Alicia (Licia) Kuenning

KuenningAlicia (Licia) Kuenning, 81, on August 10, 2022, at Woodlawn Nursing Home in Skowhegan, Maine, where she had been treated for nearly seven weeks following a sudden downturn in her long-declining health. Alicia was born Alice Cuneo Bieberman on June 27, 1941, the daughter of Jesse and Inez Bieberman.

Licia was marked by single-minded devotion to what she believed in, though her beliefs changed over the course of her life. She spent nine years in the psychedelic movement, beginning a year before her 1963 Harvard University graduation. After leaving psychedelics behind in 1971, she would spend her remaining years devoted to preserving and understanding Quaker history.

Licia began searching for a community in the early Quaker style, one based on following Christ through hearing His voice within. When she met Larry Kuenning, who was on a similar quest, the two of them attempted to start such a community in 1972 and were married under its care in 1973. The group, first called Publishers of Truth, later changed its name to Friends of Truth, which was an early name for the Religious Society of Friends.

In the early 1990s, Licia and Larry founded Quaker Heritage Press (QHP), a project dedicated to reprinting old Quaker writings. Licia was QHP’s chief editor and typist, while Larry was responsible for its website, where most of its printed texts can be found online at Licia’s work included the first complete collection of the works of James Nayler (1618–1660) in four volumes, edited with careful reference to the early printings. She wrote two essays, “Publishing Old Quaker Texts” and “Understanding the Quaker Past.”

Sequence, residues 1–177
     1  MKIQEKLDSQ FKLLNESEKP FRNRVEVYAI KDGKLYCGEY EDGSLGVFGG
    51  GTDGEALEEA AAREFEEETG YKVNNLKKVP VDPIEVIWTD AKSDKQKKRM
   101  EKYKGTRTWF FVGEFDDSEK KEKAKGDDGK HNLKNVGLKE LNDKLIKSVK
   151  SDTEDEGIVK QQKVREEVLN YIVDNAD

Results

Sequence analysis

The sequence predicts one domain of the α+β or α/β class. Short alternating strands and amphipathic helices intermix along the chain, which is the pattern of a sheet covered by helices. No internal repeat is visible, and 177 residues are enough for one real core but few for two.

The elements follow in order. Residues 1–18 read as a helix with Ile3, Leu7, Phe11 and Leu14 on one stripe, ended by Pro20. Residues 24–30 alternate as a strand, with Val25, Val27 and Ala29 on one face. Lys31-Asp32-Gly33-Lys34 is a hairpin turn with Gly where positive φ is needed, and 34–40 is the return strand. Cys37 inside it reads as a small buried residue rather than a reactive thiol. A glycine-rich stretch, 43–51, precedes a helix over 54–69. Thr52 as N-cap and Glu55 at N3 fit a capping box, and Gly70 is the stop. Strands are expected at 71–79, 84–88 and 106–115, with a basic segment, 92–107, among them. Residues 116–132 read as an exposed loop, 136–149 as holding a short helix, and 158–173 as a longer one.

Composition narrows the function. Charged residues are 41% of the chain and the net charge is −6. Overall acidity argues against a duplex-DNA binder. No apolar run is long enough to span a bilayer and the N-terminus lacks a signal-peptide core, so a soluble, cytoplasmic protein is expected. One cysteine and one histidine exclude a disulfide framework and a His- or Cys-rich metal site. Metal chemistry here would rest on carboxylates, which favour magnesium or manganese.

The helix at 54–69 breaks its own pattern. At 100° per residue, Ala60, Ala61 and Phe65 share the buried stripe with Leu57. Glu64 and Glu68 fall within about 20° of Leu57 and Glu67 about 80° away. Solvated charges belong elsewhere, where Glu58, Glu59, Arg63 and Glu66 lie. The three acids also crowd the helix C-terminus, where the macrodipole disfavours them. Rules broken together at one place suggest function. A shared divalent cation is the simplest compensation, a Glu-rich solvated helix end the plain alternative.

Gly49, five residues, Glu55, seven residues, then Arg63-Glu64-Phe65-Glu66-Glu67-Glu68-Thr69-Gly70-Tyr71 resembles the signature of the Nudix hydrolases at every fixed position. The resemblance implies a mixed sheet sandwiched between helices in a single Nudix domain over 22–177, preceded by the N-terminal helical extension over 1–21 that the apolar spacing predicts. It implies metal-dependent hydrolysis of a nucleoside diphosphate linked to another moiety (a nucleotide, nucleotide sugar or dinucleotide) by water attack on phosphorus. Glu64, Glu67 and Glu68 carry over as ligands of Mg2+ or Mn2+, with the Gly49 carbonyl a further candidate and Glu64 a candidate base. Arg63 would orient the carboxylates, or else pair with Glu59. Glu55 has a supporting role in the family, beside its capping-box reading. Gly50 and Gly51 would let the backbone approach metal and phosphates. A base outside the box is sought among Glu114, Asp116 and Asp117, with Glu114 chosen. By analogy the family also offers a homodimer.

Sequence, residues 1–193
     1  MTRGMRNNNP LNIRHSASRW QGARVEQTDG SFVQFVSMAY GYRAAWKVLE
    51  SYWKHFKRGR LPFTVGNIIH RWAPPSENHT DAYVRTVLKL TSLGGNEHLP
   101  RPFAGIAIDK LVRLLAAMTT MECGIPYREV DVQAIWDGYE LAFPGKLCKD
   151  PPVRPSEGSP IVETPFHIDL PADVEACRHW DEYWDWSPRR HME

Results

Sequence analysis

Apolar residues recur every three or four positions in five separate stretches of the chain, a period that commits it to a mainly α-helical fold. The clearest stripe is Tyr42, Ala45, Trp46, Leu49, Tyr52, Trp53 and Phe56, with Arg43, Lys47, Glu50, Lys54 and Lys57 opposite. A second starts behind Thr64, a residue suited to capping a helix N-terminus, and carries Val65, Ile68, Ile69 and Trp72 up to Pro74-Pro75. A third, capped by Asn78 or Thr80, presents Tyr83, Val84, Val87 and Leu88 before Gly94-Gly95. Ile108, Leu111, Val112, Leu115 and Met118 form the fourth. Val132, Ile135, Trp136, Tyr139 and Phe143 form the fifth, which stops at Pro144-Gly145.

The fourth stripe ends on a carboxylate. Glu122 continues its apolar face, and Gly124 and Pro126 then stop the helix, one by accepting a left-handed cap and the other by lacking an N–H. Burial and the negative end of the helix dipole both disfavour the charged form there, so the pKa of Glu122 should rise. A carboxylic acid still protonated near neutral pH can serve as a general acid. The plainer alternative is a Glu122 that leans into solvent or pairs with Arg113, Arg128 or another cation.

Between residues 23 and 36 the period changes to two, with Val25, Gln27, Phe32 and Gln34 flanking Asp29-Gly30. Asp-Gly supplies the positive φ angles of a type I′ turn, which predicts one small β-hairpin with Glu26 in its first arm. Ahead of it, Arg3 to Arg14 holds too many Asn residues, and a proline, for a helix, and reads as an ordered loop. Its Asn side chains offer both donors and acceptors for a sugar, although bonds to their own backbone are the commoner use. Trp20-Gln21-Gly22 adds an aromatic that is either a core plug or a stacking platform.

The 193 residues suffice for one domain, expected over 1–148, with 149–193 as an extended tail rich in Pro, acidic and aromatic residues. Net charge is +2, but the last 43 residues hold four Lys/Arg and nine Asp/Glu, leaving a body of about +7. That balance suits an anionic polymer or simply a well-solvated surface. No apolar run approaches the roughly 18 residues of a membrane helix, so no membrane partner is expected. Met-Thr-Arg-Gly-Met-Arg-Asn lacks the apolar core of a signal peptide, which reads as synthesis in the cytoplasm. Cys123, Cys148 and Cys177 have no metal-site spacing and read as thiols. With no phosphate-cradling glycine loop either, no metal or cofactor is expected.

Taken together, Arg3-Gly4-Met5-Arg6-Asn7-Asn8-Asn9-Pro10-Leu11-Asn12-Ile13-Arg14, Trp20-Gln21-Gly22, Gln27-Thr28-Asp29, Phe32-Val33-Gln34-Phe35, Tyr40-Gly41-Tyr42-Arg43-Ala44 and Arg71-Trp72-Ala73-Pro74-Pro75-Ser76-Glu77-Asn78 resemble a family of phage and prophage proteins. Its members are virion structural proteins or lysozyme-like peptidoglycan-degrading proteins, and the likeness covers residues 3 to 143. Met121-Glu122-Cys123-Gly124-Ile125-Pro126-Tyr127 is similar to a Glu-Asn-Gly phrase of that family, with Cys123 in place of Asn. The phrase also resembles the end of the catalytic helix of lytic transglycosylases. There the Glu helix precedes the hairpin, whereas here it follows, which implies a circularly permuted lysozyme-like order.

At times, Licia’s sense of spiritual guidance prompted her to give out prophetic predictions, which she took to be from Christ, though her community never agreed with these messages. In some cases, she later accepted that they were products of mania in accord with a medical diagnosis. The last and most widely known of her prophetic messages began in 2005, announcing that Farmington, Maine, would become the New Jerusalem. When this failed to occur on the predicted date in 2006, she entered a period of struggle, recognizing that something was wrong but this time not blaming it on mania, saying only that she should not have named a date. After ignoring the subject for a long time, in her last years she repeatedly reread her writings of 2005–06, but never declared that she had found any answers.

Licia’s other loves included cats, mystery stories, and the history of abandoned railroads. Her work for income consisted mostly of self-employed typing, with most of the customers being students. She lived in the Boston, Mass. and Philadelphia, Pa. areas before moving to Maine in 2005.

Licia had no children. She was predeceased by her parents, Jesse Bieberman and Inez Bieberman; two sisters, Jane DeNuzzo and Judith Bieberman; and one niece, Kim DeNuzzo Richardson.

Licia is survived by her husband, Larry Kuenning; a sister-in-law, Andrea Kuenning (Dan Leisen); six nieces and nephews; and twelve grandnieces and grandnephews.

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